Large dsDNA-containing chlorella viruses encode a pyrimidine dimer- specific glycosylase (PDG) that initiates repair of UV-induced pyrimidine dimers. The PDG enzyme is a homologue of the bacteriophage T4-encoded endonuclease V. The pdg gene was cloned and sequenced from 42 chlorella viruses isolated over a 12-year period from diverse geographic regions. Surprisingly, the pdg gene from 15 of these 42 viruses contain a 98- nucleotide intron that is 100% conserved among the viruses and another 4 viruses contain an 81-nucleotide intron, in the same position, that is nearly 100% identical (one virus differed by one base). In contrast, the nucleotides in the pdg coding regions (exons) from the intron-containing viruses are 84 to 100% identical. The introns in the pdg gene have 5'-AG/GTATGT and 3'- TTGCAG/AA splice site sequences which are characteristic of nuclear-located, spliceosomal processed pre-mRNA introns. The 100% identity of the 98- nucleotide intron sequence in the 15 viruses and the near-perfect identity of an 81-nucleotide intron sequence in another 4 viruses imply strong selective pressure to maintain the DNA sequence of the intron when it is in the pdg gene. However, the ability of intron-plus and intron-minus viruses to repair UV-damaged DNA in the dark was nearly identical. These findings contradict the widely accepted dogma that intron sequences are more variable than exon sequences.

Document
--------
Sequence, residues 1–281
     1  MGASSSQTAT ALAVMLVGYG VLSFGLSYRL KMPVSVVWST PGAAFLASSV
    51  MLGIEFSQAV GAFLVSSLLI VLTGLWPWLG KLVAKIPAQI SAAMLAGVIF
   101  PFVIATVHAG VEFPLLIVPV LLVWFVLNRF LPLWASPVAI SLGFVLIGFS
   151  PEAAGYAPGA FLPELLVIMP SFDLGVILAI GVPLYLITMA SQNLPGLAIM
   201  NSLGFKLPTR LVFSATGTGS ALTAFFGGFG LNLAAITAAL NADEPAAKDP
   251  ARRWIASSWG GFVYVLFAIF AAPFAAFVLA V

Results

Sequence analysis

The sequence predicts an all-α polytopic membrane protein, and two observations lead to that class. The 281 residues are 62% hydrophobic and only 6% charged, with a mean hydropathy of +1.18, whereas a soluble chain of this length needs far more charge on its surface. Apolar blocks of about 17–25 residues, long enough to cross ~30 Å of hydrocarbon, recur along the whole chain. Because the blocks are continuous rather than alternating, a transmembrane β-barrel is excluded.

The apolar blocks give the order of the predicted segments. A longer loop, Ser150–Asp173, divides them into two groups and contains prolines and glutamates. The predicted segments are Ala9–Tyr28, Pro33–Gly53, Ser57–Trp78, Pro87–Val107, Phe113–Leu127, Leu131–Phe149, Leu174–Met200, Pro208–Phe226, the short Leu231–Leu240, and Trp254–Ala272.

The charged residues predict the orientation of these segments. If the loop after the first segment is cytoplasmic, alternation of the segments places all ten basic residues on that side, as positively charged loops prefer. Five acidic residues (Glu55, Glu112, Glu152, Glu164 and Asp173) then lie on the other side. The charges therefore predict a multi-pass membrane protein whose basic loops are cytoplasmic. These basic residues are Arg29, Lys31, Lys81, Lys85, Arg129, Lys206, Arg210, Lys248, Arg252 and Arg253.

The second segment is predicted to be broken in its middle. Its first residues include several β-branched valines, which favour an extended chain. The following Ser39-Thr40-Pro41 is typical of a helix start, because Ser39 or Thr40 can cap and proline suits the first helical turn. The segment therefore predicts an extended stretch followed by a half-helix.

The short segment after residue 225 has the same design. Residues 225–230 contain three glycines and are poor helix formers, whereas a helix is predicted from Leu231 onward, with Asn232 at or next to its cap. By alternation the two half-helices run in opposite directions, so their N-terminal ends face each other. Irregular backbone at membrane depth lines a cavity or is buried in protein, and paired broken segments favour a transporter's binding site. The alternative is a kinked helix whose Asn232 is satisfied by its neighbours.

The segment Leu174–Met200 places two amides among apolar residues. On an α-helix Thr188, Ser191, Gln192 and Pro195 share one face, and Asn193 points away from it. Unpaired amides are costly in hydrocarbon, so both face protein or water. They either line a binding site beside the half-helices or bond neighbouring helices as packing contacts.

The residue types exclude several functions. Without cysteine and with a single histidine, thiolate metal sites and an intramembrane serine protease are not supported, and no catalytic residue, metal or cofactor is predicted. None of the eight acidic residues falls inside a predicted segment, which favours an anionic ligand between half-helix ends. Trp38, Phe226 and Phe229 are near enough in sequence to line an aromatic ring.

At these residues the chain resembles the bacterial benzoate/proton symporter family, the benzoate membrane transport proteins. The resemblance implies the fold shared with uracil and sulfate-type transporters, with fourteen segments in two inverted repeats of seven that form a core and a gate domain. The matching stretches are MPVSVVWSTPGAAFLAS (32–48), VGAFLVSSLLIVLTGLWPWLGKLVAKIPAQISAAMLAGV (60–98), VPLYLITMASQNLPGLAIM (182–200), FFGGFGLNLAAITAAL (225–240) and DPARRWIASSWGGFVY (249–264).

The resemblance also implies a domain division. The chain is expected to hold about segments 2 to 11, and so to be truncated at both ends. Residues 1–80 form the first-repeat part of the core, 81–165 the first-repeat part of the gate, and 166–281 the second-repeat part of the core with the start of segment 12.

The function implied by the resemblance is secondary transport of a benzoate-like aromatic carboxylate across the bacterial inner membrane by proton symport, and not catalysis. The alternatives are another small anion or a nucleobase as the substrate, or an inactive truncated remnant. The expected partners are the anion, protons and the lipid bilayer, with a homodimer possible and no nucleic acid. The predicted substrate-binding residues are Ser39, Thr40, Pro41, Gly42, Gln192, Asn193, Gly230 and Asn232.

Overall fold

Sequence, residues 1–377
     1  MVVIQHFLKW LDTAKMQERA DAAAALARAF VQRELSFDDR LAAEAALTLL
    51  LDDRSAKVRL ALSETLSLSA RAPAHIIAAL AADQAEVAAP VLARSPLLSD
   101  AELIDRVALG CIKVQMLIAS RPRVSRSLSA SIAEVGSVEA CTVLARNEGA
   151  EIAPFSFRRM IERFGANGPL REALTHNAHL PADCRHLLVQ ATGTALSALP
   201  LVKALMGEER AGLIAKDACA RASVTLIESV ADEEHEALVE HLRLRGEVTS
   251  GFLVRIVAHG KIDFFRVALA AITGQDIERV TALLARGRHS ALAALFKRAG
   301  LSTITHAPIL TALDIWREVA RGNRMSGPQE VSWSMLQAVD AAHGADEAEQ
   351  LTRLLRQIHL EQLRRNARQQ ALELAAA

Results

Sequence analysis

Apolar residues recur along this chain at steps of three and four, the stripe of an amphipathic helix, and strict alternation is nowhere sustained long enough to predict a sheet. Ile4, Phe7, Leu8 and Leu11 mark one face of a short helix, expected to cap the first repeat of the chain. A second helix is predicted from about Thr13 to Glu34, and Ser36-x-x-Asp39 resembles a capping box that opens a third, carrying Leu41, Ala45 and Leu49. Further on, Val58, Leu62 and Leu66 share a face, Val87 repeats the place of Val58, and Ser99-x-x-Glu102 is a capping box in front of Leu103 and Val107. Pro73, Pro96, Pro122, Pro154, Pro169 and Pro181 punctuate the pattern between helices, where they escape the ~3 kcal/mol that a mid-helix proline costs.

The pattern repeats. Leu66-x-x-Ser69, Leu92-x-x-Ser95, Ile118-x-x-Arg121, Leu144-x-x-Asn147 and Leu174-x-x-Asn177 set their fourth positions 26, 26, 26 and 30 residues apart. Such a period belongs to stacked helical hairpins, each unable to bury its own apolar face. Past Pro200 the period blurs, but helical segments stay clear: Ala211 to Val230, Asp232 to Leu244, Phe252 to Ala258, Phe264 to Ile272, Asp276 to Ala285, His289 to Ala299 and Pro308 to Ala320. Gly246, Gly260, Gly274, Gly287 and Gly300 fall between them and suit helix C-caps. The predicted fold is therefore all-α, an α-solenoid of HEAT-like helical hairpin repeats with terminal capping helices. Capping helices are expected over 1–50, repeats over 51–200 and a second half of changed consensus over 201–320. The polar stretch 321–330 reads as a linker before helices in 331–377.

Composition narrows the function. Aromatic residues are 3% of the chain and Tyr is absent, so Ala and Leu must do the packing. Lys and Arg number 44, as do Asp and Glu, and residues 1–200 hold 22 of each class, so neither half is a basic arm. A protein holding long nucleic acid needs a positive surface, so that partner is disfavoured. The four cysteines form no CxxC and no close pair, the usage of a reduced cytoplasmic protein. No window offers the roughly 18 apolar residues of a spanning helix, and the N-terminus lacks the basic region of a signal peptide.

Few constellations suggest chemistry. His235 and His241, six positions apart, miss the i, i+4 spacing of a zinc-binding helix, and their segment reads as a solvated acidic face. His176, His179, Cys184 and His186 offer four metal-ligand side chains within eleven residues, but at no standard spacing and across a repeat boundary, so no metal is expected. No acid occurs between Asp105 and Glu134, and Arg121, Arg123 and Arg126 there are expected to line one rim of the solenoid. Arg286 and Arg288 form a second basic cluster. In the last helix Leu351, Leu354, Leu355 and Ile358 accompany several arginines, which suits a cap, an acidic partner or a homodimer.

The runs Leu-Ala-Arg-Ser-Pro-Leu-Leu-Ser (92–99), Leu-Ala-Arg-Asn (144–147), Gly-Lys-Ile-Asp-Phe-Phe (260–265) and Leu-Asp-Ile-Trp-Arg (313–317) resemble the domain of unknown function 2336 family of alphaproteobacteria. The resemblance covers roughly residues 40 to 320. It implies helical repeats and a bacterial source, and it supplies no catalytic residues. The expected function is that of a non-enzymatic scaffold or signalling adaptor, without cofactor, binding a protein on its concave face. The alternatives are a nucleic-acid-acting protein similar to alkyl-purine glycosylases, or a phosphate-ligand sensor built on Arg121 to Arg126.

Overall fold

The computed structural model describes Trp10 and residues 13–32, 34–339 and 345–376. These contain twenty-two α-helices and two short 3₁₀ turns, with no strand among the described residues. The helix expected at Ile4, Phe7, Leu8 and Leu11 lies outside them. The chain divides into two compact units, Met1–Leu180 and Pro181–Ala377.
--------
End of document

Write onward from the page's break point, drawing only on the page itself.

- Chlorella viruses
- DNA repair
- Pyrimidine dimer-specific glycosylase
- dsDNA virus
ASJC Scopus subject areas
- Ecology, Evolution, Behavior and Systematics
- Molecular Biology